now an asset with the appellant company and such asset  must  be  respected.
The learned counsel for the appellant realised some difficulties on  account
of law laid down by this Court in the  case  of  Ratnabali  Capital  Markets
Ltd. v. Securities & Exchange Board of India (2008) 1 SCC 439 and  hence  he
sought to distinguish that judgment by pointing out that in paragraph 11  of
that judgment the Court noticed that the merger was with a view to have  the
benefit of enlarged business by entering the  derivative  markets.   In  the
present case, according to him no such reason exists  and  the  amalgamation
was carried out only on account of compulsion  explained  above.   According
to learned counsel for the appellant for accepting a compulsion  as  one  of
law, the term ‘law’ needs to be given a  liberal  interpretation  so  as  to
include orders and directions of a statutory authority such as the SEBI.
On behalf of the SEBI, reliance has been  placed  upon  relevant  dates  and
facts emanating from appellant’s letters to contend  that  the  amalgamation
was for voluntary reasons to access larger business  through  membership  of
NSE; there was no compulsion of law  and  order  under  appeal  requires  no
interference.
We find that the facts of the case have been  properly  appreciated  by  SAT
for coming to the conclusion that the amalgamation was  not  on  account  of
any compulsion of law.  The compulsion  of  the  appellant  was  a  business
compulsion to do business as a  broker  with  NSE.  Initially  the  Vadodara
Stock Exchange Ltd. had chosen to form another  subsidiary  company  limited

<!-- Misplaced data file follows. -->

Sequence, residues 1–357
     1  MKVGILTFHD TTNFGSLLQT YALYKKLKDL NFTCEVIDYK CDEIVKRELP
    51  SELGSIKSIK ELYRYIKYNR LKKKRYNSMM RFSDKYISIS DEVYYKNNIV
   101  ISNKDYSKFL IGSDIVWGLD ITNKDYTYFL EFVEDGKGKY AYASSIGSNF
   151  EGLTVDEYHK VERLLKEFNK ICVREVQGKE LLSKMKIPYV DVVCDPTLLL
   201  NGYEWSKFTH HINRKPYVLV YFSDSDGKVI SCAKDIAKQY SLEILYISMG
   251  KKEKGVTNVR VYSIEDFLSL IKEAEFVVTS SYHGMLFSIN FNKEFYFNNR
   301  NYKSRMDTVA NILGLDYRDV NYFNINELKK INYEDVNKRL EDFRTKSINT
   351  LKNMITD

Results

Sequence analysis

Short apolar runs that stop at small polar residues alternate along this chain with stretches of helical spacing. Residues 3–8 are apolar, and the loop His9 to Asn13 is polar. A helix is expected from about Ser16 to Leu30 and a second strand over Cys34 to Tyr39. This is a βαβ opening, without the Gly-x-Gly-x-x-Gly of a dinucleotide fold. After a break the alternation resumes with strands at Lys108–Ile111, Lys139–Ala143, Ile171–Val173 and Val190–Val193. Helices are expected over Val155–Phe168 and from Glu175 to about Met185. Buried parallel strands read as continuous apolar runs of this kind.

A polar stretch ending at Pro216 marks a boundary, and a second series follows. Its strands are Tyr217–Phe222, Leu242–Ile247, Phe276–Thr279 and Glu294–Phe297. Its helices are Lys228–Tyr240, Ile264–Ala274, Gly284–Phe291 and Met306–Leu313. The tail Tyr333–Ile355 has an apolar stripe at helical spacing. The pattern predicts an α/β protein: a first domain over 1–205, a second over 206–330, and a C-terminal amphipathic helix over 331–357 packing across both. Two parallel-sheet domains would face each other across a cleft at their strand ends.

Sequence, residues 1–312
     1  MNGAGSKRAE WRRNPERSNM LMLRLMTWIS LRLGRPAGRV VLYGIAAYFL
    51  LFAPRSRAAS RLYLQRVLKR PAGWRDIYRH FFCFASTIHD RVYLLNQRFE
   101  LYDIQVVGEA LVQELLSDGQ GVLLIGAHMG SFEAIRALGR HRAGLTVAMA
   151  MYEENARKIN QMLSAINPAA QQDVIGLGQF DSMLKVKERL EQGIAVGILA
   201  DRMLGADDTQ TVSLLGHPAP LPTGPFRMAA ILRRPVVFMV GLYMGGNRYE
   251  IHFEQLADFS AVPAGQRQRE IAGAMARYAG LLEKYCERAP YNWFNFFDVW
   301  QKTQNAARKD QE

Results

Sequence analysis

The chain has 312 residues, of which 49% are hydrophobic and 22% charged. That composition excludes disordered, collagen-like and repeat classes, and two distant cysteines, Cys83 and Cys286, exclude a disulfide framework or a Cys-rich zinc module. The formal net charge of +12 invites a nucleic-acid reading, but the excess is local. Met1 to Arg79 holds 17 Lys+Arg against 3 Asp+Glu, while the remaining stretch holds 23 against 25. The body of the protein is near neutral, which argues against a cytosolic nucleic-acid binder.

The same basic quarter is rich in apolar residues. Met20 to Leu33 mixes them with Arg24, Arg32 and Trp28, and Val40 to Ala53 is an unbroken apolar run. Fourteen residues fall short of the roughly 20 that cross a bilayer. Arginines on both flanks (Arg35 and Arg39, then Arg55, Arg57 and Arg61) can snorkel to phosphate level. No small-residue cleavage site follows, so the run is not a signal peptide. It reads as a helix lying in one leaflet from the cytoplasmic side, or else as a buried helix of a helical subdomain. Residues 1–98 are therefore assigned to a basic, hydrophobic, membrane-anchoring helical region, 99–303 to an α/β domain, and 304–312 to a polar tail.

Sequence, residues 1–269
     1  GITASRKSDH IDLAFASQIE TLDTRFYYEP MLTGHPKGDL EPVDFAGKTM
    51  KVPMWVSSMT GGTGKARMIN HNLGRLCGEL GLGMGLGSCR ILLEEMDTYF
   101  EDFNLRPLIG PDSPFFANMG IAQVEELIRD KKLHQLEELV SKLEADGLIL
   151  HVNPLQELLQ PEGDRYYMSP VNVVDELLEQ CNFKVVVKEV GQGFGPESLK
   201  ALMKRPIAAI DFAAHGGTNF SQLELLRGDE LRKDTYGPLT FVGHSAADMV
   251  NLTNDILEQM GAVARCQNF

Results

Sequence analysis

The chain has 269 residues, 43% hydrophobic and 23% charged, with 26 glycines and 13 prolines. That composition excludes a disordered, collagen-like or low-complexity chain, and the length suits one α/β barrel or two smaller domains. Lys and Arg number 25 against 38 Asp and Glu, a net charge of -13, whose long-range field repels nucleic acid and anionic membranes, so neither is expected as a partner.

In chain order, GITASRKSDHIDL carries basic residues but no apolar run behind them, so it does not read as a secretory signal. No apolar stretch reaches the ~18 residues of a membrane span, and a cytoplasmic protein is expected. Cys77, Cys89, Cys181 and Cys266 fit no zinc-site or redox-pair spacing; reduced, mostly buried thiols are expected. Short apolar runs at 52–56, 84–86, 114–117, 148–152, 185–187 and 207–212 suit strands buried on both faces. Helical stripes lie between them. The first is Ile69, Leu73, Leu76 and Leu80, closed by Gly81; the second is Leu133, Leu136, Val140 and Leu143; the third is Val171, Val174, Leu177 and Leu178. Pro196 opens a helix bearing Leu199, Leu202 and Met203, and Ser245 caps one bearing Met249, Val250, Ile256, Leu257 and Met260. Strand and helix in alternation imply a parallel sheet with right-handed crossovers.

by guarantee ignoring the circular of the SEBI  dated  16.12.1999  and  also
the bye rules of NSE laying down conditions  for  membership  but  later  it
decided to have a subsidiary company  which  could  get  registration  as  a
broker with NSE.  Such decision was effected through amalgamation.   Such  a
situation cannot be treated as a compulsion of law for amalgamation.
Even if we accept the submission that the  compulsion  of  law  be  given  a
liberal meaning so as to include orders and directions of the SEBI,  in  the
present case it is not possible to accept that amalgamation was forced  upon
the appellant under orders or directions of  the  SEBI.   Only  because  the
appellant and the parent company Vadodara Stock Exchange  Ltd.  subsequently
decided and opted to do business as a broker with NSE, they chose  the  path
of amalgamation.  They could have as well chosen the path of winding  up  of
the earlier subsidiary company.   In  the  facts  of  the  case  it  is  not
possible to accept that there was any compulsion  of  law  for  the  merger/
amalgamation of the VSE Securities Ltd. with the appellant.
So far as legal position is concerned, in  the  case  of  Ratnabali  Capital
Markets the contention that the assets and  liabilities  of  the  transferor
company have passed into the hands of the transferee  company  did  not  cut
any ice in respect of fees payable to the SEBI as per Regulations.  In  para
13 of that judgment it was held that on merger of the two companies,  a  new
entity emerged which was given a right to operate in the derivative  segment
and therefore it had to pay fresh registration fees on the  turnover  basis.
We find no good ground to take a different view.  In paragraph  19  of  that
judgment  this  Court  clarified  that  when   the   facts   disclose   that
amalgamation/ merger had to be resorted to as an alternative to  liquidation
then it may be successfully urged that merger/ amalgamation was  on  account
of compulsion of law so as to attract the  exemption  assured  by  the  SEBI
under the circular dated 30.09.2002.  The facts of this case  even  remotely
do not suggest any such or similar situation.
As a result, we  find  no  merit  in  this  appeal  and  it  is  accordingly
dismissed.  However, there shall be no order as to costs.

                       …………………………………….J.
                       [VIKRAMAJIT SEN]



                       ……………………………………..J.
                             [SHIVA KIRTI SINGH]
New Delhi.
November 04, 2015.